On Aug. 23, 1995, two individual employees (the plaintiffs) of Nationwise and participants in Nationwise Automotive Inc.'s Employee Stock Ownership Plan (ESOP) filed a lawsuit in district court against Saul Levy, a major shareholder of Nationwise, based on claims relating to a 1992 settlement between Levy and the ESOP regarding control over Nationwise. Id. at 767.

The ESOP was represented in Nationwise's chapter 11 case, filed a proof of claim on behalf of the participants in the ESOP, and participated in a variety of contested matters during the bankruptcy case. Id. at 768. In 1997, after confirmation of Nationwise's reorganization plan, NW and the ESOP intervened in the plaintiffs' lawsuit against Levy and joined as a defendant Levy's counsel (who also represented Nationwise as special counsel in its chapter 11 case3) in asserting breach of fiduciary duty and related claims. Thereafter, the plaintiffs also asserted claims against Levy's counsel. Id. at 767.

The district court granted summary judgment in favor of Levy's counsel and against the plaintiffs, NW and the ESOP, on the grounds that the claims were barred by res judicata and judicial estoppel.4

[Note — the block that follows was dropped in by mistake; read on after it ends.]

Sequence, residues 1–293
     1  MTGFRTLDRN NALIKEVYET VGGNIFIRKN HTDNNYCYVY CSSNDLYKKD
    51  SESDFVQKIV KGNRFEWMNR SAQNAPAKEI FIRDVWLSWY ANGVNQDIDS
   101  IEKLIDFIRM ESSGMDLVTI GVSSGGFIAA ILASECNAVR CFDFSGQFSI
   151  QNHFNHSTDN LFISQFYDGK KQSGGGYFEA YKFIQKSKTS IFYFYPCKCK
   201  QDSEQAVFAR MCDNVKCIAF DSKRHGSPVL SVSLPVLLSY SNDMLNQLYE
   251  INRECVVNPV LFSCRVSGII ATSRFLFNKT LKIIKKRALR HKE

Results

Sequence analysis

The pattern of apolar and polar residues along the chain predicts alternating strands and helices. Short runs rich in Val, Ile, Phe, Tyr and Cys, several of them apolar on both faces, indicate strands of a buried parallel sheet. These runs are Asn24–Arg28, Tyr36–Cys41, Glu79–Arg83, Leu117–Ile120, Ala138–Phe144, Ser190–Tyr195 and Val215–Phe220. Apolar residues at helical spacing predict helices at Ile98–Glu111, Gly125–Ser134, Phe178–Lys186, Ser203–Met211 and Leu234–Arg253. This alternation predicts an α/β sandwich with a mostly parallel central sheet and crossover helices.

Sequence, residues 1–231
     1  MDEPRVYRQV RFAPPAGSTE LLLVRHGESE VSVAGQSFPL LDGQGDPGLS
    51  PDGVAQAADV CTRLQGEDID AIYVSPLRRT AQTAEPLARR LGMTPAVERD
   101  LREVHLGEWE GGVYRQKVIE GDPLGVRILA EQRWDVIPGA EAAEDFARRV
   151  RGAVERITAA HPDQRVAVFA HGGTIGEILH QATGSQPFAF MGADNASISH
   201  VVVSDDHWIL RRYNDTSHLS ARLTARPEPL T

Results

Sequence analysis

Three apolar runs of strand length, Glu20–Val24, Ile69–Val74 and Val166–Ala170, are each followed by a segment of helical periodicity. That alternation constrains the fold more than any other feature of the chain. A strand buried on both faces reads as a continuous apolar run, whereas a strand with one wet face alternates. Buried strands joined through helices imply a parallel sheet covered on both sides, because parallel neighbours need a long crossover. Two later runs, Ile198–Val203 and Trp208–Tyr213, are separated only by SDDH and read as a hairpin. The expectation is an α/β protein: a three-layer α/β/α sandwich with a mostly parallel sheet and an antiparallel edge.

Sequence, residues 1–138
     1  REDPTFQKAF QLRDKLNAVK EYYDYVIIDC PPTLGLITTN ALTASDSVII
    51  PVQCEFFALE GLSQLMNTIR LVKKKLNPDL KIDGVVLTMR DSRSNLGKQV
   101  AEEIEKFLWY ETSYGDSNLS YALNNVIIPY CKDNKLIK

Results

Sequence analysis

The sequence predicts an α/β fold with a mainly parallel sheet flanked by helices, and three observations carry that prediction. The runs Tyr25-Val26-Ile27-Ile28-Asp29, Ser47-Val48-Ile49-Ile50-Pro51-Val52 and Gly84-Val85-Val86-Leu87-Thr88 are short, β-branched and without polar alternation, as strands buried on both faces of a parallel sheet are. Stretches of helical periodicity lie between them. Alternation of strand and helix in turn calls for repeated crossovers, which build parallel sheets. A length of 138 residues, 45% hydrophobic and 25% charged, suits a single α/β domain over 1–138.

On appeal, NW argued5 that (1) Levy's counsel concealed information necessary for NW to know about its claim prior to the confirmation order, (2) the elements of res judicata were not established, and (3) Nationwise specifically reserved in its reorganization plan the right to prosecute all causes of action. The Sixth Circuit rejected NW's concealment argument6 and found that each of the elements of res judicata were present.

The Res Judicata Analysis: Linking the Events Preceding the Bankruptcy Case and the Undisclosed Claim

With respect to the elements of res judicata, the Sixth Circuit found:

  1. Final Judgment: Premised on the principle that a confirmation order constitutes a final judgment in bankruptcy proceedings, the Sixth Circuit concluded that because NW's claim should have been raised during the bankruptcy case, the confirmation order constitutes a final judgment on the claim;
  2. Privity or Identity of Parties: NW was the successor in interest to Nationwise, and because Levy's counsel was employed as special counsel for Nationwise in the bankruptcy case, Levy's counsel was a party in the bankruptcy proceeding for purposes of res judicata;
  3. The Claim Should Have Been Litigated in the Prior Proceeding. Because NW's claims fell within the bankruptcy court's related-to jurisdiction, the claims should have been litigated, or reserved, in the bankruptcy proceeding; and